With a strong belief in the future of the club, the solidity of the committee and the work ethic instilled in the club, Calipari remains devoted to the Stars, and his hopes for the future are to continue to see more Metro players in the A-League.
For Jason Spagnuolo, life is very calculated. He has a plan in his head at all times, and a drive to succeed and compete that makes him a force on and off the field.
He lives with the determination to do whatever needs to be done to succeed, with the aim of being the best he can be, both as a player and as a person. As a result he has never considered sacrifices as a burden.
With the belief that there will always be another player as good as or better than himself, Spagnuolo has adopted a lifestyle that motivates and brings out the best of his potential, thereby bridging the gap between himself and other skilled players.
This lifestyle comprises first and foremost of stability, surrounding himself with trusted and valued people in his life. He also takes into consideration diet, sleep, and fitness levels and lives by the aspiration of "Think for today to make tomorrow better”.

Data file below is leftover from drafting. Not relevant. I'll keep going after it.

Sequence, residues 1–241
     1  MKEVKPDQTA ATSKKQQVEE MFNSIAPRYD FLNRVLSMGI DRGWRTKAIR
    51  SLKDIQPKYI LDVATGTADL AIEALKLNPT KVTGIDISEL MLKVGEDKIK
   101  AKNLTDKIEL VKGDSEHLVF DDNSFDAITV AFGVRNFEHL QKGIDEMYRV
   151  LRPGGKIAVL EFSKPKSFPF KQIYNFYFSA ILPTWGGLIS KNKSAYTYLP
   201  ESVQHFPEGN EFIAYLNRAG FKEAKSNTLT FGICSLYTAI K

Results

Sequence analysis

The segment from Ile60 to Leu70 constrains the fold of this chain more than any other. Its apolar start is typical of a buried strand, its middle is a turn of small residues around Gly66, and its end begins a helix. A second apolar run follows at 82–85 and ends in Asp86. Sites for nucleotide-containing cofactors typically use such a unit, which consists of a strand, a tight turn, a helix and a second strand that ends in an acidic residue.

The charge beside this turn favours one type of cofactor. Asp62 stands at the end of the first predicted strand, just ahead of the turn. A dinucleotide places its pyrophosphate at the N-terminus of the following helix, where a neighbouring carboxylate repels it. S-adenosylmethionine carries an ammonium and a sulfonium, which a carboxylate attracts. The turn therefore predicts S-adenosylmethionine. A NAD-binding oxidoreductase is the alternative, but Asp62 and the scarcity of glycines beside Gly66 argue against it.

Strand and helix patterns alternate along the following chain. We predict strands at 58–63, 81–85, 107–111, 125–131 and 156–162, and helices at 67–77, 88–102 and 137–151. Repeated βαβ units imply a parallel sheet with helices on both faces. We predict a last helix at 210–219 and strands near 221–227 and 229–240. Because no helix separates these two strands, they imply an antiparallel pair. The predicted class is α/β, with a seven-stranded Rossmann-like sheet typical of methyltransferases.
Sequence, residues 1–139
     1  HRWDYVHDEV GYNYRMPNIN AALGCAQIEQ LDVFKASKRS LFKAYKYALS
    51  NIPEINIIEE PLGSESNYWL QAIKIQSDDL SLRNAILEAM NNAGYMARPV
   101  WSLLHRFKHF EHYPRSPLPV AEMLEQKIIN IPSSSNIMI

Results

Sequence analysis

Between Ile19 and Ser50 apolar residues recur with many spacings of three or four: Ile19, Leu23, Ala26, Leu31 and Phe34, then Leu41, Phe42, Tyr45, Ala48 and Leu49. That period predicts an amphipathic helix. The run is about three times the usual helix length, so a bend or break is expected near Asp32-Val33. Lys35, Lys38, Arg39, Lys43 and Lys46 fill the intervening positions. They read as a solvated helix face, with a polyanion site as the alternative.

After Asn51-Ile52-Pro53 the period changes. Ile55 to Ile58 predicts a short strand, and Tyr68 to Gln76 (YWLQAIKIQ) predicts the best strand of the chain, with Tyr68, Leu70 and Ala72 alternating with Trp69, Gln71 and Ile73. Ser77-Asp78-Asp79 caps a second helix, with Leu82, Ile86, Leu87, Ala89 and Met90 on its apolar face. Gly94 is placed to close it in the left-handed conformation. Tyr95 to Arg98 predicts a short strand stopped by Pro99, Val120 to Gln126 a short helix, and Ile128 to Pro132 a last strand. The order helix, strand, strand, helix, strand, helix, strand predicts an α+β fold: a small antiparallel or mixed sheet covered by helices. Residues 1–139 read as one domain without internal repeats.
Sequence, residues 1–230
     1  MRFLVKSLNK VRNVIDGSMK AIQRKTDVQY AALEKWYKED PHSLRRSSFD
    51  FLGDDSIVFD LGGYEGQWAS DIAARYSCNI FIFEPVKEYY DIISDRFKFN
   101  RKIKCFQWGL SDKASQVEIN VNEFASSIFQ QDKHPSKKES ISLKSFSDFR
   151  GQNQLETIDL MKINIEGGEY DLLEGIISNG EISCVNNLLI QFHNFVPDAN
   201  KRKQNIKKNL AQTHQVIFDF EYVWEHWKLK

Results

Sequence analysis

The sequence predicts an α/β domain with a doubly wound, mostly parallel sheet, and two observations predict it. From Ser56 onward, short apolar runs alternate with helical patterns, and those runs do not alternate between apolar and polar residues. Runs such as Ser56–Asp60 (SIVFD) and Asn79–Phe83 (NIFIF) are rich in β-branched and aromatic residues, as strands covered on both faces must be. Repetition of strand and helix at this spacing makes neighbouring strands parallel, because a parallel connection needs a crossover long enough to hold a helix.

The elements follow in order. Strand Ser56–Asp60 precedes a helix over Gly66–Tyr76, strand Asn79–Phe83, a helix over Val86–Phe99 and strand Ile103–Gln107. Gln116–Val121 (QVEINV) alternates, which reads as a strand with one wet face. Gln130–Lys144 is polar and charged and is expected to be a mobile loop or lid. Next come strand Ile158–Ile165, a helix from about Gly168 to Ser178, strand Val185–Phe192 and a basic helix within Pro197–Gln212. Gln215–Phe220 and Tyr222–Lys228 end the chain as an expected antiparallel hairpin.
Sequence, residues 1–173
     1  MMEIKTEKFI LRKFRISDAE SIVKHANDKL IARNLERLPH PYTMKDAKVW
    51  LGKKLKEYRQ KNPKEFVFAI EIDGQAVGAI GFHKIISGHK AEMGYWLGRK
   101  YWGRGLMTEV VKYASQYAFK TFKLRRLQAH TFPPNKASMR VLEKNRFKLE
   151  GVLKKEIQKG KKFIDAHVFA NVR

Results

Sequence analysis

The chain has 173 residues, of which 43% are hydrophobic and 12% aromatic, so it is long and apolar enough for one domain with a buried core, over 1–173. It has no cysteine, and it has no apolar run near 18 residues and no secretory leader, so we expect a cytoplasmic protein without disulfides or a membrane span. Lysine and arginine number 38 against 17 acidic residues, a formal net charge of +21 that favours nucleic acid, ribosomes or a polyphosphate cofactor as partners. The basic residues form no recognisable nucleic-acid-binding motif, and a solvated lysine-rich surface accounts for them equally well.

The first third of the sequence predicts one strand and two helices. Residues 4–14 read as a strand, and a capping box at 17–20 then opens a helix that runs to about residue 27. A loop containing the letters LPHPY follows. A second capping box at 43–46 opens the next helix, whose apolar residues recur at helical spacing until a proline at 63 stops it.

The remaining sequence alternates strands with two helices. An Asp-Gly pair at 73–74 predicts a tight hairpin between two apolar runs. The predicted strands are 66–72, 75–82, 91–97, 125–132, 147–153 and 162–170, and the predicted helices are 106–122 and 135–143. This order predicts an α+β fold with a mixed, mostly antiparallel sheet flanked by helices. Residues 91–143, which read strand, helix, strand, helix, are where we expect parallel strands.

This way of living has certainly paid off, with the ex-Metro player currently training for his second season with A-League team Adelaide United. With a playing history that began in U8’s at Modbury Vista and included stints for Enfield, Campbelltown and Adelaide City and finally a 2 year run with MetroStars before starting with AUFC, Jason is now beginning to enjoy the success of his hard work.
As a kid, Spagnuolo was always drawn to sports of any kind, thriving on the competition and challenge. He reminisces about early times playing with younger brother and fellow Metro player, Daniel, where intense competition would always interfere with "friendly” play.